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Just how effective are the Common Core State Standards?


A new infographic wonders how effective the Common Core State Standards will be.

With all the hype about the Common Core State Standards, it’s easy to forget that some states have decided not to adopt the standards–plus, some adopting states are now re-evaluating their decisions. Now, a new infographic questions some of the basic tenets of the Common Core State Standards.

Perhaps one of the biggest arguments against the standards, according to the infographic, is that “while core curriculum has improved performance in states with traditionally good education systems,” states that have struggled academically wonder if the standards are more a one-size-fits-all pathway instead of a “great equalizing force,” in which the common standards bridge a gap between vocational education and the university pathway.

(Next page: How do students fare in math?)

Three big arguments in favor of the Common Core State Standards, according to the infographic, are:

  • Students will learn more if their learning targets are set higher
  • Students will learn more if the passing grades for state tests are set higher
  • Students will learn more if lesson plans and textbooks are all made more complex and rigorous

This, however, can lead to a situation in which some students fall even further behind in school and drop out due to their discouragement.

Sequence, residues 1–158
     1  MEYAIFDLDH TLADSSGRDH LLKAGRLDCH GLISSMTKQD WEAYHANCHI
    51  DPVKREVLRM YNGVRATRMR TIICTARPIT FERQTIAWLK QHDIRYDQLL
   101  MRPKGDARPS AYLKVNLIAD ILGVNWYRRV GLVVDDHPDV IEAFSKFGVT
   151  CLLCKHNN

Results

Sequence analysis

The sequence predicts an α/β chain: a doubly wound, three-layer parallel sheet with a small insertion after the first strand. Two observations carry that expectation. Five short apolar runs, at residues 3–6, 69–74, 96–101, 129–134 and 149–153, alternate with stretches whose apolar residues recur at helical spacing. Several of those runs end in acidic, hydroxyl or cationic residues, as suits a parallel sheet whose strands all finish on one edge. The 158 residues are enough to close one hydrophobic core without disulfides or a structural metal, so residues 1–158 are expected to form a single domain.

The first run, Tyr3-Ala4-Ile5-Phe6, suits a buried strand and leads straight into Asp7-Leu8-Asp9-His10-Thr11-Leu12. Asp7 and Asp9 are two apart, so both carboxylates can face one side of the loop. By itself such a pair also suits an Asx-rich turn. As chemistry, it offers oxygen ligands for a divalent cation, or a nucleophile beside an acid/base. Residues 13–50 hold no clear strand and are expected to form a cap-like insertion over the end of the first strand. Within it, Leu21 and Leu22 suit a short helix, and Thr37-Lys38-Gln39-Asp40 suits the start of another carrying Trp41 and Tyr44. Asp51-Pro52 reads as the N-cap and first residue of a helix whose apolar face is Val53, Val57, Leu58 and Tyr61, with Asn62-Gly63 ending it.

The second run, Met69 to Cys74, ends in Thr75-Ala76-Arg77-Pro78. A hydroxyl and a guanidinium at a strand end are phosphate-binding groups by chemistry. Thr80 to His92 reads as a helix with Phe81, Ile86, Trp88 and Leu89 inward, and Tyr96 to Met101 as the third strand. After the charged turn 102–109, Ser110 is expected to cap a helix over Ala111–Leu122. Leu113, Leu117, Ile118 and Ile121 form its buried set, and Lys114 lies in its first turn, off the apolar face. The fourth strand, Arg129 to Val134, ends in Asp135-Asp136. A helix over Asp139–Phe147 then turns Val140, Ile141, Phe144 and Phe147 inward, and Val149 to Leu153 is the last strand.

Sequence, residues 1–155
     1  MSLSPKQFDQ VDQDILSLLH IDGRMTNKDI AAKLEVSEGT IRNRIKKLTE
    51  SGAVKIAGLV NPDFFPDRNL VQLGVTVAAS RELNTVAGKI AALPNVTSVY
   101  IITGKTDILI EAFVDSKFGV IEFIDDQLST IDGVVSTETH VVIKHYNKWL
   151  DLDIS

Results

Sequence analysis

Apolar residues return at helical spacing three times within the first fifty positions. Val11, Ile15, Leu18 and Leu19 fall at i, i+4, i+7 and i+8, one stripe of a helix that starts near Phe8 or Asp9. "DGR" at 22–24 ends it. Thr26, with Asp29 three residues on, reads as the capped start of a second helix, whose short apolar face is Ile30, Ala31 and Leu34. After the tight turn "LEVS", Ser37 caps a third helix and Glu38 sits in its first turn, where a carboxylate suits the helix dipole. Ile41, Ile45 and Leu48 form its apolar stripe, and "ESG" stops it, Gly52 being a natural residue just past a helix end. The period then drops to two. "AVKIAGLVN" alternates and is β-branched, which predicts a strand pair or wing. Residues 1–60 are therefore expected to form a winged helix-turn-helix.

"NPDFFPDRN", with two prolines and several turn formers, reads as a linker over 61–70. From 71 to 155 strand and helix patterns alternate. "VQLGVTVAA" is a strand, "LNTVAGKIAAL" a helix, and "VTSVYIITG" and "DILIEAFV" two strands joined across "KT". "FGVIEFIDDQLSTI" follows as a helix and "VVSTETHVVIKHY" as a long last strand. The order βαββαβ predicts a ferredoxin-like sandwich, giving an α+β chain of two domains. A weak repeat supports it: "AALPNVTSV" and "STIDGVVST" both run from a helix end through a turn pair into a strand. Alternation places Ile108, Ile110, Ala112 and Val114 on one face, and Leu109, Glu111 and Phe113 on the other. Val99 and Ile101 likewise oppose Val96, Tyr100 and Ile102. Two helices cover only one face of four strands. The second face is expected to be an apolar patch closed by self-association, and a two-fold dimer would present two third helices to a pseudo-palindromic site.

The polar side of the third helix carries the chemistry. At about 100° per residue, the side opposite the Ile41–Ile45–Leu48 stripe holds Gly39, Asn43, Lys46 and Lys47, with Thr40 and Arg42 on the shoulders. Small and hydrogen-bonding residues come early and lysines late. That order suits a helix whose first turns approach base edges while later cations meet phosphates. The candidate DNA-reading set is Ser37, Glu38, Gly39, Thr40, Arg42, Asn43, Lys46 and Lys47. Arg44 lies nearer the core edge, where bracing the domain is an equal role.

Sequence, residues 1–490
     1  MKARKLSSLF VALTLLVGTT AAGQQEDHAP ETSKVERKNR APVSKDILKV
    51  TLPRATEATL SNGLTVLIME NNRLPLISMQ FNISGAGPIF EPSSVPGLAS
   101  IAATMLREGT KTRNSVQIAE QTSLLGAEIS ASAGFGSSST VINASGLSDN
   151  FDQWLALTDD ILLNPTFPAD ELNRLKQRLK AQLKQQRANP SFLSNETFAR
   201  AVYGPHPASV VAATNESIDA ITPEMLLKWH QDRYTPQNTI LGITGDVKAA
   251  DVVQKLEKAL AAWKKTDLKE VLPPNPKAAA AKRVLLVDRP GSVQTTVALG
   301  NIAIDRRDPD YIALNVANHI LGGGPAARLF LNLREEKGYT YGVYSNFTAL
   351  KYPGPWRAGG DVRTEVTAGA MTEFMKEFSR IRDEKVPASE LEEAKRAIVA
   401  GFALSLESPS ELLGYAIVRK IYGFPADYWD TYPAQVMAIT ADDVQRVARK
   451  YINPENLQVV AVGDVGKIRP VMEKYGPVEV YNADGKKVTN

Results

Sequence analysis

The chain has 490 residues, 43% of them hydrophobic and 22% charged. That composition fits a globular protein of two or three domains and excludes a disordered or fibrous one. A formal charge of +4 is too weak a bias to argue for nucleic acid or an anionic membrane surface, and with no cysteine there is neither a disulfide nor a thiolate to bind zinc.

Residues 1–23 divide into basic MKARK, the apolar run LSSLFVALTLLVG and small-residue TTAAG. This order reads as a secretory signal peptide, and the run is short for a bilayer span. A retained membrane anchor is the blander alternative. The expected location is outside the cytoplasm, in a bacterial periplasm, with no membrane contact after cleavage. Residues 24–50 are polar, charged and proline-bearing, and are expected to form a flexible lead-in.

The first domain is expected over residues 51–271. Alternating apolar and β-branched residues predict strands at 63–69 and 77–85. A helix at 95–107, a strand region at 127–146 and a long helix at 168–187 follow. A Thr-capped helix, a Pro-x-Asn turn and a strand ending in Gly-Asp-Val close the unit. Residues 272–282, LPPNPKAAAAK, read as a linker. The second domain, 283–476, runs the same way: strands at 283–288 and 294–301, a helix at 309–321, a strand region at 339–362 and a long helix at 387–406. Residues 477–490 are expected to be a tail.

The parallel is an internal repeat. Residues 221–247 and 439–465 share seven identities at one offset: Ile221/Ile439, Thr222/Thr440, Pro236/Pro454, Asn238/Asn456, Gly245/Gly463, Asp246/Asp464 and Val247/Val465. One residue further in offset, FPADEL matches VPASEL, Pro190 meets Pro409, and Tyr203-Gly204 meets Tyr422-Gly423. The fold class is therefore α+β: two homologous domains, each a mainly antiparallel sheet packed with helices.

The infographic looks at the Common Core State Standards’ stance on algebra, which is taught in the eighth grade. According to the Common Core, students who take algebra can become familiar with more complex math courses as they progress through school, and will have more knowledge when they enter college. However, the infographic points out that childhood brain development tends to plateau in the eighth grade, which makes it harder to learn and retain new concepts.

Algebra at an early age can discourage students and lead to problems down the road, according to statistics presented in the infographic. The data points to New Mexico, where 43 percent of white students dipped below proficiency levels in 2012, and in Tennessee, where 39 percent of white students followed suit. In 2012, 35 percent of students in West Virginia and 33 percent of Oklahoma students failed the algebra portions of their school exit exams.

Problems in algebra translate to problems with more advanced math in high school and college. Statistics note that only 1 percent of the 1.7 million bachelor’s degrees awarded in 2012 were in math, and only 58 percent of students entering higher education graduate. This means just .0058 percent of students who enter college successfully graduate as math majors.

Click on the image above to view.

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